I always feel like I’m rushing to the finish line, stressed about trying to get everything done. It always works out in the end, but my biggest obstacle is time management. Figuring out a system of how and when I’m going to take the photos has been working for me, but, at the same time, I work more instinctively. I don’t have a lot of time to sit and think about it, especially because I want to have volume.

What is something that you would’ve liked to know before you started your thesis year?

You get to do a lot of experimenting, which is not something that I realized before. I stressed about how concrete things needed to be, but the first semester it is all about research. You are still moulding what your idea is going to be, and you can try all sorts of things. I think that people shouldn’t be afraid to experiment, or trying different ideas before settling. April is always emphasizing that people’s ideas should be looser, so that there can be different pathways to explore and take. Growing from something very concrete is harder.

Who are some professors at OCAD that made a positive impact in your education?

Nicolas Pye, Derek Sullivan who is a Sculpture prof, and Lee Henderson. Usually, my favorite profs are those who give really interesting examples of other artists, because I feel inspired in their classes.

 

To see more of Sabrina’s work, you can visit her portfolio, and follow her on instagram. To know more about Slobrina, check out her music account.

 

Interview by Ana Luisa Bernárdez

Friday #ArtCrush: Cassandra Keenan

Friday #ArtCrush is a weekly blog series highlighting students in their final year at OCAD University. This Friday’s #ArtCrush is Cassandra Keenan, a fourth year photography student in thesis. 

In this series, Cassie and Morgan talk about working with family relationships, documenting physical objects and exploring the truths/untruths of family histories.

Who or what are your main inspirations?

My main inspirations are honestly the people around me, I love talking to my fellow classmates and professors about everything, it helps me stay connected to not only the people I surround myself with, but also my art. The inspiration for my art also comes very naturally to me, and I find during moments of connection with others is when I come up with some of my best work, and most of the time it is during the most random moments, that’s what I love about art and inspiration, there is no time line.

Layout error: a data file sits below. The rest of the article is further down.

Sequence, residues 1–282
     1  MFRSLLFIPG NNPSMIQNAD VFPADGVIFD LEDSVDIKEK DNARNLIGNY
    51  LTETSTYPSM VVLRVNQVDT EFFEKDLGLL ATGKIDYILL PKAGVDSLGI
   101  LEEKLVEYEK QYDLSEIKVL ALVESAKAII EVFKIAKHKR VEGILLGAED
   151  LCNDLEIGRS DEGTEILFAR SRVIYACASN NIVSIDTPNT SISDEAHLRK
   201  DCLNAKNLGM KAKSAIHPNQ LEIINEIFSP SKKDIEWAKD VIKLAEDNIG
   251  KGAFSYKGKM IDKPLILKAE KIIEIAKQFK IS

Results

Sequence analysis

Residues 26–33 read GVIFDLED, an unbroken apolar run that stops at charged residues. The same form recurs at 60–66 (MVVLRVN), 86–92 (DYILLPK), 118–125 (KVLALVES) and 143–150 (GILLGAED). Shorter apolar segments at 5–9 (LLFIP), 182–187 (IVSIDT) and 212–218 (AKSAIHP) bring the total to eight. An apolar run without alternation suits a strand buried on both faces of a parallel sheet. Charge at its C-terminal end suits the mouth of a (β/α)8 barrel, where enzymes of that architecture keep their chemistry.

What subject matter do you tend to spend the most time working on?

I mostly work with very personal subject matters, pretty much anything that is effecting me at the moment, or what I feel strongly about. Nothing is truly off topic for me as an artist, so far I have worked on many projects with a subject matter which relates to myself personally, this includes my mental issues, such as my severe panic attacks and anxiety, continuing all the way to helping me mourn the death of my grandparents.

I try not to limit myself or my art, especially that of my photography. This is because my art has always been an emotional outlet, and I have always felt like it is the only way I could truly communicate what I’m feeling or going through at that moment, my art is my form of stress relief.  Of course it is bound to change in the future, but that’s the fun of being an artist, you are never truly tied down

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Cassandra Keenan, B.B.Y.A, Digital Inkjet Print, 2018

What body of work are you working on right now?

At the moment, I am mainly focused on finishing my Thesis and Grad Ex work called “Film”, it revolves around nine 8mm film reels which were all recorded by my grandfather, starting in the early 60s. The film captured moments of my grandparents young adult life, to their wedding and honeymoon, all the way until my mother and uncle were young children.